Five panchayats in Gajapati district of Odisha overcame all hurdles to get finally declared Open Defecation Free (ODF). Now, the aim is to make all 119 panchayats in the district ODF by 2016. Read how the administrators, volunteers and villagers themselves are coming together to make this happen.
As per census reports, 76.6% of homes in Odisha do not have toilets. This state with the largest number of tribal communities in India, is divided into 30 districts. Due to their remote location, many of the villages in these districts do not have access to proper health care services, which makes the need for sanitation all the more important.
However, there is one district in Odisha that has chosen a fast track to development. Welcome to Gajapati district, which now proudly boasts of five Open Defecation Free (ODF) panchayats.
The Campaign: Mo Swachha Sauchalaya (My Clean Toilet)
In February 2015, the district administration in Gajapati started a campaign for the building of toilets, under the leadership of the District Collector Mansi Nimbhal. Even though the campaign comes under the Swachha Bharat Mission of the Government of India, the administration here wanted people in the community to consider it their own campaign. Hence the name, Mo Swachha Sauchalaya, signifying the two basic things that the campaign is aiming for:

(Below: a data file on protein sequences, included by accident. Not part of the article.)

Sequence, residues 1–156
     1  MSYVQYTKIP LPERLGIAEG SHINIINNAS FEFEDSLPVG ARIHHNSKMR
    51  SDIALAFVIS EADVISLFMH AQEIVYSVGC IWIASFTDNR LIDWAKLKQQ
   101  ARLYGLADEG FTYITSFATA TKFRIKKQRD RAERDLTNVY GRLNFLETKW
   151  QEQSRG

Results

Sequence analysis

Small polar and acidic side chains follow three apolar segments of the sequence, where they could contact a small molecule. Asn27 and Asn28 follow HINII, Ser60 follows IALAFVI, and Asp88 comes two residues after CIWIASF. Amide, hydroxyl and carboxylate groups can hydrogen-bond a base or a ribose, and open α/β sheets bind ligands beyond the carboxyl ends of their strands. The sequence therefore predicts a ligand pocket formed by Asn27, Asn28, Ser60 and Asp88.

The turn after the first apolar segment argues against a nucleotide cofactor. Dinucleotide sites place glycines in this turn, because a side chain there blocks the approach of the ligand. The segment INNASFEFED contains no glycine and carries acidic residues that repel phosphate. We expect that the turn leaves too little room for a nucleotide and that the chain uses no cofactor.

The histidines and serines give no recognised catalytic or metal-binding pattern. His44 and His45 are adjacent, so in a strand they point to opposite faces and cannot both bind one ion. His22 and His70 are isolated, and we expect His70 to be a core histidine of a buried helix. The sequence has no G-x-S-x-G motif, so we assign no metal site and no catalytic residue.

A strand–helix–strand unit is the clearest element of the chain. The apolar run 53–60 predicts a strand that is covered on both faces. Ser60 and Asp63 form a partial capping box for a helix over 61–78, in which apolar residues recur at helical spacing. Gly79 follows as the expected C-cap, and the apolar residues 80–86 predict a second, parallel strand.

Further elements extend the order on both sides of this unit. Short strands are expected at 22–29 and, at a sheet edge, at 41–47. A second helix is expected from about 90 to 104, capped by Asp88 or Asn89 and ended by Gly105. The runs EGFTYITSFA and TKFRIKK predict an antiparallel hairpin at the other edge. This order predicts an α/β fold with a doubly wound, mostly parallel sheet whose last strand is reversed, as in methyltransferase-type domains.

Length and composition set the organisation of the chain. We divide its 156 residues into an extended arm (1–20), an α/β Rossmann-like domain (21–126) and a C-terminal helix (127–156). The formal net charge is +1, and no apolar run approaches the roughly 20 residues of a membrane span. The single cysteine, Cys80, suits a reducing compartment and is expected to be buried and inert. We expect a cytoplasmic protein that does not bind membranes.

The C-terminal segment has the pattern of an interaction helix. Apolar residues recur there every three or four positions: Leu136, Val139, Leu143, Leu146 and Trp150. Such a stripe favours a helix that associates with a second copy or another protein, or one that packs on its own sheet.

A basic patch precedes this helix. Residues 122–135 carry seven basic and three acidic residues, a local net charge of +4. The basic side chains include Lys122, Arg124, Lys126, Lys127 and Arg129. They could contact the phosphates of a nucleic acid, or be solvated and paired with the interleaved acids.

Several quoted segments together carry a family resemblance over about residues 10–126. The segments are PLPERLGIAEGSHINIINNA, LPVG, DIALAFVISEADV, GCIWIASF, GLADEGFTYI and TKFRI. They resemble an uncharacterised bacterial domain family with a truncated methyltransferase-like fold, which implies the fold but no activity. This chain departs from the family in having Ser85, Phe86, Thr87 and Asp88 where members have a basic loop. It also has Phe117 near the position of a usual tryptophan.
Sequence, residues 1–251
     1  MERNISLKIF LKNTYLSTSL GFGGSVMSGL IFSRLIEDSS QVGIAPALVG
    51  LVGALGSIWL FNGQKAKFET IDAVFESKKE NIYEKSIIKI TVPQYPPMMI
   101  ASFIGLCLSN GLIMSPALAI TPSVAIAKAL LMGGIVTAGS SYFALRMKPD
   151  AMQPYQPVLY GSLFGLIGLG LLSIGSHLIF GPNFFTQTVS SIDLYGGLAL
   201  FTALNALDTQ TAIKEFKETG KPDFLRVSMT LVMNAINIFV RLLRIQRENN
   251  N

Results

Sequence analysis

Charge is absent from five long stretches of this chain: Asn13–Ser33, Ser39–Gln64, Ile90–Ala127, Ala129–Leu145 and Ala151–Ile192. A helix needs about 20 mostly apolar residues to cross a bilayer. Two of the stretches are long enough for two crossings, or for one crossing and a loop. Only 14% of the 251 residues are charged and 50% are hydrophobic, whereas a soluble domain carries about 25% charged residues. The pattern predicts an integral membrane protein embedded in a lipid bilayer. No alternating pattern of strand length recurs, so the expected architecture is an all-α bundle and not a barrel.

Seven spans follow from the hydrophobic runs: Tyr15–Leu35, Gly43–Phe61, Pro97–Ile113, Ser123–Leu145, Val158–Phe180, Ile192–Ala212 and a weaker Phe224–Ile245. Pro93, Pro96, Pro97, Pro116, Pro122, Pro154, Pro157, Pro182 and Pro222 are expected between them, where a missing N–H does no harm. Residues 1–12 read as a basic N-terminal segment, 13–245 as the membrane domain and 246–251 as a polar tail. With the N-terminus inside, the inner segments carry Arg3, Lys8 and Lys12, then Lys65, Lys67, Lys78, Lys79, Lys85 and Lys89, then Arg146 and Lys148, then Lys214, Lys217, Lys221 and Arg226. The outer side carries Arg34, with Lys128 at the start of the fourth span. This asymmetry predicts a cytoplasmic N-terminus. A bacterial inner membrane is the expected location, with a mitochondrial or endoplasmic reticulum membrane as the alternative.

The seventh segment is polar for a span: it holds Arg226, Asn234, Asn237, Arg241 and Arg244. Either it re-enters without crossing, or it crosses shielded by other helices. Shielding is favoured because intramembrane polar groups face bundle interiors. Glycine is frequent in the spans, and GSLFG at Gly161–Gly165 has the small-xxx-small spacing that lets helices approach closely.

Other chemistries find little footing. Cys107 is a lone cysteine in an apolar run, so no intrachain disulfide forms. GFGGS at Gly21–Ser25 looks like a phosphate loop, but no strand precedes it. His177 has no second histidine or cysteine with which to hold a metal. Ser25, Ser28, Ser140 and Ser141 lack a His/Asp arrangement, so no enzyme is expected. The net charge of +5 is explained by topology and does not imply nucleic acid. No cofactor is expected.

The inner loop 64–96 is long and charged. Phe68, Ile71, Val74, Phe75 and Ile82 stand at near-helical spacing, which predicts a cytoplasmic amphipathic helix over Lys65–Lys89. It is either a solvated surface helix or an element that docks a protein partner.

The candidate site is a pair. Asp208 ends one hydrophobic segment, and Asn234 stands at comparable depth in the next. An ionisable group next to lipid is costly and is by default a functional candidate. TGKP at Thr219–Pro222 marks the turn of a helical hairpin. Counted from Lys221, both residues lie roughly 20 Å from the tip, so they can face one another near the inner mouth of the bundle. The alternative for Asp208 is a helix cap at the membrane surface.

• To build toilets in the district by actively involving the community.
• To concentrate on behavioural change aspects when it comes to the attitude of people towards sanitation.
As per the Swachha Bharat Mission, the government gives a sum of Rs. 12,000 per toilet to every beneficiary who builds a toilet at his/her home.
The first step was to study and analyse the challenges in the district. Out of the seven blocks in Gajapati district, five are dominated by the tribal population. The major challenges here include difficulty in supply of raw materials and trouble mobilizing the community. Here are a few steps that are being taken towards the mission of making the entire district (119 panchayats) Open Defecation Free by April 2016.